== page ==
What Lives in Your Belly Button? Study Finds "Rain Forest" of Species

A "rain forest" of species thrive in our navels, a new study finds. Don't be alarmed, though—says one researcher, "It's quite beautiful."

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Belly button bacteria samples: Bacillus subtilis (left) and Staphylococcus epidermidis.

Rob Dunn and his team of ecologists aren't your average navel gazers. They're professional navel gazers, thank you very much, and their new study details the microbial contents of 60 volunteers' belly buttons.

The upshot? Belly buttons, it turns out, are a lot like rain forests.

The whole thing started about two years ago. An undergrad's only-in-a-biology-lab idea—sampling colleague's navel bacteria for a holiday card—struck a chord with the North Carolina State University team, which had adopted a new focus on citizen science.

What better way to get the public interested in science than by showing them their skin's own thriving ecosystems? "And belly buttons are just ridiculous enough to appeal to almost everyone," Dunn added.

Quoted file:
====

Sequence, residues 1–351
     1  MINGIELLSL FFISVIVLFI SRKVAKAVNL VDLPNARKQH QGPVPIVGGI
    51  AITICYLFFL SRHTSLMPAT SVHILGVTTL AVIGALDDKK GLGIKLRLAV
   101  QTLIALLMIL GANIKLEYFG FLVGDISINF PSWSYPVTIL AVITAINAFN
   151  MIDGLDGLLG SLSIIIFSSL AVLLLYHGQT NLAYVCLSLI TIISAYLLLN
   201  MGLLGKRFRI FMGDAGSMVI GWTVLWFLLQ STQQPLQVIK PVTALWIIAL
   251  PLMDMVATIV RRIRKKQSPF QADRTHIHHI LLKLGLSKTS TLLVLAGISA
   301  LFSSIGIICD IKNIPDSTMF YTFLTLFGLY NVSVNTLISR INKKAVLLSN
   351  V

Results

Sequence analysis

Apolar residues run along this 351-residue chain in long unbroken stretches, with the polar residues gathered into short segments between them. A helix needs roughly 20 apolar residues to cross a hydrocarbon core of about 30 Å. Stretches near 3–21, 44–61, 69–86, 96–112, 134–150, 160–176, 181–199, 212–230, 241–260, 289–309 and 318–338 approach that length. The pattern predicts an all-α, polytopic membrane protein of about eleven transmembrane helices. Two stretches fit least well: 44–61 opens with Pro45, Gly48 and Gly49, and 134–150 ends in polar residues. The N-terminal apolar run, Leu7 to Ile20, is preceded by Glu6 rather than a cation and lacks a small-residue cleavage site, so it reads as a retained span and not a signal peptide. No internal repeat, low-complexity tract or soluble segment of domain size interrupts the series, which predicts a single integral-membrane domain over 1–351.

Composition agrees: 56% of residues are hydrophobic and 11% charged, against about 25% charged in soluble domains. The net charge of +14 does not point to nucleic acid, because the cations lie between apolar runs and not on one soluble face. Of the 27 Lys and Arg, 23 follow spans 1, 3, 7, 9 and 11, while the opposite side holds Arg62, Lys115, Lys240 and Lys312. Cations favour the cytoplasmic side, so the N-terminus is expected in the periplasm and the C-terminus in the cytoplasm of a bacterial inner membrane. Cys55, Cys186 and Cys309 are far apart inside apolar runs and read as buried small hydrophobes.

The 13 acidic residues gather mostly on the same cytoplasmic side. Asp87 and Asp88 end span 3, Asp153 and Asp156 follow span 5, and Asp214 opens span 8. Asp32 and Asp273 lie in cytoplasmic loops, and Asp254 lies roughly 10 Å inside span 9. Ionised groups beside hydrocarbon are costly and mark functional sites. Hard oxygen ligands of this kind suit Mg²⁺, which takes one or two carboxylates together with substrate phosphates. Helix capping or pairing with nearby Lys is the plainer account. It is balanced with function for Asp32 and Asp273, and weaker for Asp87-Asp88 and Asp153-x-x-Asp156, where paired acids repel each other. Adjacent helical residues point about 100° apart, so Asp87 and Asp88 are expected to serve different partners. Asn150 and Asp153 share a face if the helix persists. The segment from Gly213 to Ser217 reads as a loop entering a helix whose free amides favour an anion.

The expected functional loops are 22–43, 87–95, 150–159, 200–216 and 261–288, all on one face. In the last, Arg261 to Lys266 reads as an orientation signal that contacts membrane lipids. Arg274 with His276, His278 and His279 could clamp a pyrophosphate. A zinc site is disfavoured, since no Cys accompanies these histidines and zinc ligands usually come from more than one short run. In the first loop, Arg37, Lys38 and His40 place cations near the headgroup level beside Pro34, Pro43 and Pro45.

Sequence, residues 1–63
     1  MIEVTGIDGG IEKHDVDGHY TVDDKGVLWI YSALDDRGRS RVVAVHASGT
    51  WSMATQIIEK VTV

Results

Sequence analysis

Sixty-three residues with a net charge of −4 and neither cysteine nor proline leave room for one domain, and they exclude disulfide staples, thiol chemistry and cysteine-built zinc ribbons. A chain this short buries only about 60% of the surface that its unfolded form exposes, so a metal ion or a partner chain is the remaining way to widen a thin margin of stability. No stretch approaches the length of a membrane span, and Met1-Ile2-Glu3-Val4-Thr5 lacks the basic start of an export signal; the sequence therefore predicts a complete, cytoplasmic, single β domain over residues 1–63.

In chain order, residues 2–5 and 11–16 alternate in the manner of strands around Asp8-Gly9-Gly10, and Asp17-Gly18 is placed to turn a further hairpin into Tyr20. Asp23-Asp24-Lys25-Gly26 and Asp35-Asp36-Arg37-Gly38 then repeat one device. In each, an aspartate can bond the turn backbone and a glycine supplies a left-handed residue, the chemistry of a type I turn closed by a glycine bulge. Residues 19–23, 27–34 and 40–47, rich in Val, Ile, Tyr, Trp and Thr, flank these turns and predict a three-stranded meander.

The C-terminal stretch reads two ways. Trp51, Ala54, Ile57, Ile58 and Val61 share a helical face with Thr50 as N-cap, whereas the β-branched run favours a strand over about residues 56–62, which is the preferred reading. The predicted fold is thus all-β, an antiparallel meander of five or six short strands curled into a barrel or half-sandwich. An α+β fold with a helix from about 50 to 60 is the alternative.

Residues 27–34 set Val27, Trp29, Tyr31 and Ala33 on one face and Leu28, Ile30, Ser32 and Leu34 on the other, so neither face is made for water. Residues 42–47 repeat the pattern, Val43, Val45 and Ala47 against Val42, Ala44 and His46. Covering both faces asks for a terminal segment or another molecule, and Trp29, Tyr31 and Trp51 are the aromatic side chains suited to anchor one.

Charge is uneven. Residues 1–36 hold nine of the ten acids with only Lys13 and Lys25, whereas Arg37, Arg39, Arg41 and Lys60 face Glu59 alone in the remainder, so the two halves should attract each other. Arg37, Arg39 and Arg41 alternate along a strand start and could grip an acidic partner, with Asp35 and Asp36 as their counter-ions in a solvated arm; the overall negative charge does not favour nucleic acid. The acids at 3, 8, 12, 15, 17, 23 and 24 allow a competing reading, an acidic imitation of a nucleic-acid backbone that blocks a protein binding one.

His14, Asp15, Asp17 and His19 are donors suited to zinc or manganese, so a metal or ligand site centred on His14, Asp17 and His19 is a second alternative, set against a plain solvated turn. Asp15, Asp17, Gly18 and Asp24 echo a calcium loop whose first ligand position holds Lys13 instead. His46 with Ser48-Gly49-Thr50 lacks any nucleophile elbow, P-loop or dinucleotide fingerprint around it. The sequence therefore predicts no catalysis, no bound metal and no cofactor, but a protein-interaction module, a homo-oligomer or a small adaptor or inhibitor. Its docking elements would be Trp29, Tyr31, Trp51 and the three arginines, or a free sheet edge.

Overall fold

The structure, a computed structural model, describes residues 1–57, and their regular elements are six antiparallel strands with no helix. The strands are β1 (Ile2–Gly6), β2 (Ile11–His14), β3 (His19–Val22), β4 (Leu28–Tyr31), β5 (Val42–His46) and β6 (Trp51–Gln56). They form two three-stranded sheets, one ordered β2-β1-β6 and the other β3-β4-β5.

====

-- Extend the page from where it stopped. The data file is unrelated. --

What's more, given the belly button's status as one of the body's most rarely scrubbed crannies, it offered researchers a chance to study as close to a pristine microbial landscape as is possible on the modern human.

So in early 2011 the team set up shop at the ScienceOnline science communicators' conference and at the North Carolina Museum of Natural Sciences. The researchers handed out swabs to 60 intrigued, if grossed out, volunteers. Back to the lab, the scientists examined the genetic makeup of their bacterial loot.

The Belly Button Biodiversity project had officially begun.

Welcome to the Jungle

From 60 belly buttons, the team found 2,368 bacterial species, 1,458 of which may be new to science.

Some belly buttons harbored as few as 29 species and some as many as...

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